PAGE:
158 teaching and non-teaching staff needed for the institution

The State government’s proposal to set up a pharmacy college in Gulbarga has gained momentum and land for the proposed institution has been acquired, State Drugs Controller Raghuram Bhandary has said.

He was speaking at the inauguration of the Indian Congress of Pharmacy Practice 2014 and convention of the Indian Association of Colleges of Pharmacy here on Friday.

“We need at least 158 teaching and non-teaching staff for the college and these posts will be created soon. This will be the second government pharmacy college in the State,” he said.

With an increasing demand for pharmacy courses, this college will be a boon to students from the six backward districts of north Karnataka.

“There is a need for a second government college of pharmacy in the State. This facility will provide students, especially girls, with access to affordable education. Although there is a major presence of private pharmacy colleges in north Karnataka, a government institution with a lower fee structure will benefit students from the economically weaker sections,” he said.

The first government pharmacy college located in the city is a 50-year-old institution. The government had sanctioned Rs. 1 crore for setting up the second college, the Drugs Controller said.

Dr. Bhandary said there was a need to strengthen community pharmacy, and the government’s focus now was on regulatory mechanisms. This would put in place better healthcare delivery systems, he said.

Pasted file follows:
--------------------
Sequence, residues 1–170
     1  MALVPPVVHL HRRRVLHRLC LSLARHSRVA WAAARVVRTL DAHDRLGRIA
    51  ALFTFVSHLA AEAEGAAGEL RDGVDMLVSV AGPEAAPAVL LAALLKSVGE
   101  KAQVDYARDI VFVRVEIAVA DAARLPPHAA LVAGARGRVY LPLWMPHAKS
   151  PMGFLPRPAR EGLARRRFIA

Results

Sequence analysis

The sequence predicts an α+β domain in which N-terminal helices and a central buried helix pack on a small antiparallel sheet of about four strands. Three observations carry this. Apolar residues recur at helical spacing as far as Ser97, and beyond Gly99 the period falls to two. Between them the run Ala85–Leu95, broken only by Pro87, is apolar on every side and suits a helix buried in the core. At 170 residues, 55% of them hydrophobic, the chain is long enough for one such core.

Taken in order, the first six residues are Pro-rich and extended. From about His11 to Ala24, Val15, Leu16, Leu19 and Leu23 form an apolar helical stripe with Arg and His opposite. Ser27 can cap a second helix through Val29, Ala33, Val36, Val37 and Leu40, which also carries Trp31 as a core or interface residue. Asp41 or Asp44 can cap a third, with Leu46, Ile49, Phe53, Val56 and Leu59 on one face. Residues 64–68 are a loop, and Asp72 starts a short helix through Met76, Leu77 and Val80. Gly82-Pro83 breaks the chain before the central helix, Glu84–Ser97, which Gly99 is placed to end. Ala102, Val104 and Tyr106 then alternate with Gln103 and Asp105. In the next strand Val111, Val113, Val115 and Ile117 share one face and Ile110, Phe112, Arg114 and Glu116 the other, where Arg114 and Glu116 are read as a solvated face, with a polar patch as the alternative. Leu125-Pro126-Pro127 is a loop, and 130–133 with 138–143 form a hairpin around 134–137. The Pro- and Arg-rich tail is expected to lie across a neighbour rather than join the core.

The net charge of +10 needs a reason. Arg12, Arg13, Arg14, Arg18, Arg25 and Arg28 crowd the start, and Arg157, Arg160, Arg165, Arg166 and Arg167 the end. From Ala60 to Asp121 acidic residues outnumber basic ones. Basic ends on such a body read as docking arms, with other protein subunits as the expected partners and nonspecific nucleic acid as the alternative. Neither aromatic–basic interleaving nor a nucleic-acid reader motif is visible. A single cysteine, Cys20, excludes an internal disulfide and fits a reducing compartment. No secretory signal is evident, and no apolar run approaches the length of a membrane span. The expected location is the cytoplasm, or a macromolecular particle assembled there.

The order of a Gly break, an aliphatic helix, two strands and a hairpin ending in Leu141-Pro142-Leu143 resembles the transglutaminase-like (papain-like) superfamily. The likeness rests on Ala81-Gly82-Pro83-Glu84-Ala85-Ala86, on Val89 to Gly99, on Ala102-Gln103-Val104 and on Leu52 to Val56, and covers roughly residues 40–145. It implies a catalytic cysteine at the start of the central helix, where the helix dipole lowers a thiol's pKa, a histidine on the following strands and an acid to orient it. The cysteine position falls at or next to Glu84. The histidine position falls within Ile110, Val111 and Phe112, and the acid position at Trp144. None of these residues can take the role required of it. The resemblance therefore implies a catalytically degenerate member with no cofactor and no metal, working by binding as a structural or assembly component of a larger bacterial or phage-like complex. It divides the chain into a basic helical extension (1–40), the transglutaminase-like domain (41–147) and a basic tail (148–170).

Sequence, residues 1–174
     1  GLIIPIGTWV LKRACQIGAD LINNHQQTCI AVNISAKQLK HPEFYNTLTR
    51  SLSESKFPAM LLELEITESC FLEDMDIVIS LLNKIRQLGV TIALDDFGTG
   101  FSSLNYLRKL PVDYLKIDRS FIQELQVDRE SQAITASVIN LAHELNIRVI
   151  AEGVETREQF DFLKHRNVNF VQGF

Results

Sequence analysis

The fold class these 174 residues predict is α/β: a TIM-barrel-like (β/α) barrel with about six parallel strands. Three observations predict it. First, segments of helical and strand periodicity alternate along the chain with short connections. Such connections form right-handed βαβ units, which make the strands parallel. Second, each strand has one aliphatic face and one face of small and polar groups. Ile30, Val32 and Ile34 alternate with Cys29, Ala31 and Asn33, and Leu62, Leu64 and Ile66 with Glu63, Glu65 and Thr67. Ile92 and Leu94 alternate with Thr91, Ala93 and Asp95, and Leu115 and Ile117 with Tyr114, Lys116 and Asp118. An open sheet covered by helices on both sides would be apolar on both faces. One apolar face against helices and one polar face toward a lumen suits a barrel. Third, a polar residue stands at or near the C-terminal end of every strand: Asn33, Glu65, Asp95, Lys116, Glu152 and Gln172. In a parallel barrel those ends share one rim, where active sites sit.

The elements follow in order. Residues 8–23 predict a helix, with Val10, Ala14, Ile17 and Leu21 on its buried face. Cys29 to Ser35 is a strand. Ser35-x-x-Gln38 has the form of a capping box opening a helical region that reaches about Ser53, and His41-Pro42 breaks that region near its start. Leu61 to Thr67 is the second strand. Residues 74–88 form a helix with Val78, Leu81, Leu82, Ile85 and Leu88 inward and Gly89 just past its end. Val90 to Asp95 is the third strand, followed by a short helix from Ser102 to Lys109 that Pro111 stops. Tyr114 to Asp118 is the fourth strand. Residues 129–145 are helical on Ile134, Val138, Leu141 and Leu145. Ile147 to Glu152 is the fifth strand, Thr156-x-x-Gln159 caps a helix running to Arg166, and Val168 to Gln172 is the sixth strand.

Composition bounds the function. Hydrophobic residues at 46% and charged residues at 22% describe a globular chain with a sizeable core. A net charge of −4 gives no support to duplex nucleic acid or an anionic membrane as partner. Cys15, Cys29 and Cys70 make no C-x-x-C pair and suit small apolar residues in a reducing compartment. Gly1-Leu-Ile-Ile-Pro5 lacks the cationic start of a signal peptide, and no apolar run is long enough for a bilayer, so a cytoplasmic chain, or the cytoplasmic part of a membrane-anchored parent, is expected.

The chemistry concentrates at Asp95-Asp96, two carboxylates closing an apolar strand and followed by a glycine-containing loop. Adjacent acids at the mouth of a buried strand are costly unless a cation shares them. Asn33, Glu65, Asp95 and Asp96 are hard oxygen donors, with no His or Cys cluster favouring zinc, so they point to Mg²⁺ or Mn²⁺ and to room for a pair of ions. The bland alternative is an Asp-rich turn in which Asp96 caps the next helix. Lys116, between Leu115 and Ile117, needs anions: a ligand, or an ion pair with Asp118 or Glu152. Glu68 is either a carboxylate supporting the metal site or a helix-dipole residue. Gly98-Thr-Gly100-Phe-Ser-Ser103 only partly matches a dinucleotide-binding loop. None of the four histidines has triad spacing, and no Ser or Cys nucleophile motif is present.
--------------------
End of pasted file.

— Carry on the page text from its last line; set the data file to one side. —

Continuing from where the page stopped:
B. Suresh, president of the Pharmacy Council of India (PCI) and Vice-Chancellor of JSS University, Mysore, said the PCI, with approval from the Union government, introduced a six-year Pharm.D. programme in 2008 to strengthen the professional competencies of Indian pharmacists.

The inaugural of the Indian Congress of Pharmacy Practice coincided with the graduation of the first batch of Pharm.D. students, he said.

Making a presentation on ‘Pharmacy practice education in India: experiences and roadmap’, Dr. Suresh said there was a need to establish collaborative networks among scientific leaders for a synergy among diverse areas of pharmacy practice.

Wayne A.I. Frederick , president of Howard University, U.S.; K. Chinnasamy, professor emiritus, JSS College of Pharmacy; S. Manivannan, Deputy Drugs Controller of India, and Premkumar Rajagopal, Vice-Chancellor of AIMST University, Malaysia, also spoke.